More Doubts About Foxconn Project
Compressed gravel base can’t support LCD fabrication plant. So what’s being built?
Will there ever be a final, definitive story on what if anything Foxconn will be manufacturing at its proposed plant in Racine County?
Back in late January there was a flurry of news stories saying Foxconn had suspended its plan to build a Liquid Crystal Display (LCD) fabrication plant in the state, and had recalled top staff from its planned project. Those reports were reinforced by Foxconn executive and frequent spokesperson Louis Woo explicitly ruling out the manufacture of advanced TV screens: “In terms of TV, we have no place in the U.S.,” he told Reuters. “We can’t compete.”
All of which merely reinforced what had been reported off and on since last June, often based on comments from Woo, that it no longer made sense to build such a plant. But just two days after Woo’s statement to Reuters, the company reversed field once again.
This sudden flip flop from what the company had told the media just two days earlier left some doubting the newest promise. “Going back and forth seemingly at random gives employees, investors and the community in which you operate cause for concern,” said Joe Holt, a business professor at the University of Notre Dame, in a story by the Washington Post. “Their inconsistency is dizzying.”
So last week the company held a big press conference in Mt. Pleasant to buttress the promise made to Trump, announcing it had awarded $34 million in contracts to five Wisconsin-based companies to work on the project. “Foxconn is proud to announce these successful Wisconsin-based subcontractors who will help make the Gen6 facility a reality,” said Woo.
Which certainly sounds like that plant is being built after all.
Except that these contractors aren’t building a plant, but are working on utilities, roadways and drainage systems — which could be built for any kind of plant.
Except that it won’t be till May that the company even releases the initial bid packages for the construction of the Gen6 fabrication facility, it says, and with no date specified for when these bids will be awarded.
Except that the when the LCD plant is built, according to Adam Jelen, senior vice president with Gilbane Building Co., Foxconn’s construction manager, it will be built on the many acres of flat, compressed gravel at the Mt. Pleasant site, as he told the media. And you can’t build an LCD plant on such a base, as Willy Shih, Professor of Management Practice, Harvard Business School and an expert on the LCD industry, tells Urban Milwaukee.
“A compressed gravel foundation might be fine for a normal industrial building, but it’s probably not an LCD Fab, which has to have a massive steel infrastructure to support a vibration-free environment for equipment that has to do ultra-precision (manufacturing),” Shih says.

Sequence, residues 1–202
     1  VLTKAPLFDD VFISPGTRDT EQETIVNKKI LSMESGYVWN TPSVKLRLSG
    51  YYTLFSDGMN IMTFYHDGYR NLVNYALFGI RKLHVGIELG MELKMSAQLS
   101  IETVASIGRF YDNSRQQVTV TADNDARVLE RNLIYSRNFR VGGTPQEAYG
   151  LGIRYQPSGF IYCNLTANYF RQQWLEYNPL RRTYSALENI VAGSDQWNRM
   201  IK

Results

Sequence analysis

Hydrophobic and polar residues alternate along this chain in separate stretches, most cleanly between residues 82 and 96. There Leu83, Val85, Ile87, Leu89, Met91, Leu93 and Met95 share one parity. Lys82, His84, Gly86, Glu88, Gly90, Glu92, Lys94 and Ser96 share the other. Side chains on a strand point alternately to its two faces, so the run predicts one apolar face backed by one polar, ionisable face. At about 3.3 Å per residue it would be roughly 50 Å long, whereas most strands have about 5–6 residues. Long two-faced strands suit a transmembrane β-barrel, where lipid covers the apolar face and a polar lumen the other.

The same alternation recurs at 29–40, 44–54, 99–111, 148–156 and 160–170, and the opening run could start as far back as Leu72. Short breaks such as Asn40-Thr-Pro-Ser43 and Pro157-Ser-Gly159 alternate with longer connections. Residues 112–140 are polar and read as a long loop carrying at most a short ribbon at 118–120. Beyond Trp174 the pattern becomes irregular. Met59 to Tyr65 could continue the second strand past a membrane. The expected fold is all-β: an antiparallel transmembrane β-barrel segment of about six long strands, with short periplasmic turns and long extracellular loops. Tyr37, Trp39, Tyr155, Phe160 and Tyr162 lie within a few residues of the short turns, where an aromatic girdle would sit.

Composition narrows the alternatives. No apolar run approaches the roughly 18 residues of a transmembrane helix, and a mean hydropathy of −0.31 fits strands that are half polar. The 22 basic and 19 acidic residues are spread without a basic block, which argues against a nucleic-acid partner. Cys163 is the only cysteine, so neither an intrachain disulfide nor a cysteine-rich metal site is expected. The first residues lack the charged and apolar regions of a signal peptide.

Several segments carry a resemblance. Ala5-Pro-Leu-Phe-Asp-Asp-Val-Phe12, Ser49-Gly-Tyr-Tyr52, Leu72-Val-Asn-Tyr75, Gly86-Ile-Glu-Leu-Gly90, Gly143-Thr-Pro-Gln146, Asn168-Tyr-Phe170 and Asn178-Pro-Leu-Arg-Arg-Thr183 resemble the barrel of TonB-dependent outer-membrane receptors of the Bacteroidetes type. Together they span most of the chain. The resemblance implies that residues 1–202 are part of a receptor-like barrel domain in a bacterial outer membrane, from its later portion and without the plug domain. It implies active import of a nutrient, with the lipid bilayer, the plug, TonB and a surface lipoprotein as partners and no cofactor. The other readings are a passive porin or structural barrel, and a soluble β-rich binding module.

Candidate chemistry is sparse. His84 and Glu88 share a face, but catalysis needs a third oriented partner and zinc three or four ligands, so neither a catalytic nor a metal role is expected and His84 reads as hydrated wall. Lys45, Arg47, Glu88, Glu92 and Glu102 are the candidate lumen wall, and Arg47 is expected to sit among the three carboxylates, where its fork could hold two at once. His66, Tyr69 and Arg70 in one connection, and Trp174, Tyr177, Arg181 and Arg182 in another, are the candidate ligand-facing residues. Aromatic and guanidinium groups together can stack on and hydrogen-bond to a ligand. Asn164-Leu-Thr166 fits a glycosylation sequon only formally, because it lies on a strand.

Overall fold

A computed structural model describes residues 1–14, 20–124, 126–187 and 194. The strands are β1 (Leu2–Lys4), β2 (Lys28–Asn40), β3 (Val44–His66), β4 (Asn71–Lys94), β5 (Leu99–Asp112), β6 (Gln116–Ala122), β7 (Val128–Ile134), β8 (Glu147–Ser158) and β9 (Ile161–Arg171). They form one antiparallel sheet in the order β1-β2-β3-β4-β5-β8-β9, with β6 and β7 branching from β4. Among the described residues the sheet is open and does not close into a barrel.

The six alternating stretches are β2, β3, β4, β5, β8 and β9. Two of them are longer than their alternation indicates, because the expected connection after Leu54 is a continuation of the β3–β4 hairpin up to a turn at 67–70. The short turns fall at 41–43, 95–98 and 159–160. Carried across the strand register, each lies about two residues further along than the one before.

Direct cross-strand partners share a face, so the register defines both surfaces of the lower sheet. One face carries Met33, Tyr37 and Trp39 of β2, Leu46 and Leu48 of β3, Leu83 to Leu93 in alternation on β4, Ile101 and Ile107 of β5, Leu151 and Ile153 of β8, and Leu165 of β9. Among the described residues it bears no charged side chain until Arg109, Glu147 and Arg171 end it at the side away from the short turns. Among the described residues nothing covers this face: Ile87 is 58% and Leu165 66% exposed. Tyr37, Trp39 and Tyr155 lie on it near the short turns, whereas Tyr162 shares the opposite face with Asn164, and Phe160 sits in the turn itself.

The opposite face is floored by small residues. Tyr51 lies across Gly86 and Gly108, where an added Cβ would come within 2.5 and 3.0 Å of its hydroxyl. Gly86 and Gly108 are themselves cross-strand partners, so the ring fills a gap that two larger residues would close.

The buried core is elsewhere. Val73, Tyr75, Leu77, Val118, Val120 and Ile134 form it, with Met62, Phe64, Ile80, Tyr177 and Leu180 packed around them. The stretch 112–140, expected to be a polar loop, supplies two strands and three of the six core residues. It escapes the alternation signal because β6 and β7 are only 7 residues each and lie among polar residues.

That steel support substructure is no small undertaking and could be two floors deep — just one part of what makes these LCD plants so massively expensive.
But the compressed gravel base would work fine for what Woo told TMJ4 it would be building. Woo’s comments to the station were just before the Trump announcement and were meant to head off the furor that erupted after his statement saying Foxconn wouldn’t be manufacturing TV screens.
It will “not” be a factory, he told TMJ’s Charles Benson, but “an advanced manufacturing campus which will at least include a crystal display backend packaging plant, a high precision molding factory, a system integration assembly facility and a rapid prototyping center to help startups to test out their ideas and concepts to develop new vertical solution using 8K+5G platform/ecosystem.”
Which means what? That “suggests they are building an assembly plant that will take LCDs manufactured in Asia and put them into plastic housings (high precision molding) for things like TVs, monitors for computers and other things that use electronics displays,” Shih says. “For that, a compressed gravel foundation will be fine.”
Of course, that sounds very much like the small experimental assembling plant Foxconn tried in Racine County, and which Bloomberg reported on, and which was a complete failure.
I contacted Foxconn’s representatives for a response to Shih’s observation that the Gen6 plant couldn’t be built on a compressed gravel base and received a reply dismissing this as an “inaccurate assertion” and reiterating that contractors would be asked to bid on the Gen6 facility, which would be built in time to start production in the fourth quarter of 2020.
“With all the zoning approvals and meetings, it will probably take closer to two years in the U.S. to build something like that,” Shih tells Urban Milwaukee. Which would push the date for a finished facility to the summer of 2021.
And in East Asia, the only place on earth where such plants have been built, they depended on a whole eco-structure of support. As Jeffrey Dorfman, an economics professor at the University of Georgia, told the Post: “It takes years to set up supply chains and logistics. You don’t just turn around on a dime.”
These plants are are also tremendously expensive. The typical construction and equipment cost for the latest-generation LCD fabrication plant in Asia was $4 billion in U.S. dollars, the research paper noted. Shih estimates the proposed Racine plant, if it was built, would have a price tag of around $5 billion.
That’s a massive amount of capital to invest on a plant that according to experts, including Woo, would not be able to manufacture LCD products at a competitive price, and at a time when there is a glut in the market for them.
Which merely adds more reasons — to the many I’ve previously spelled out — to doubt this LCD plant will be built. More likely the company is spending $34 million for roads and utilities to an assembly plant.
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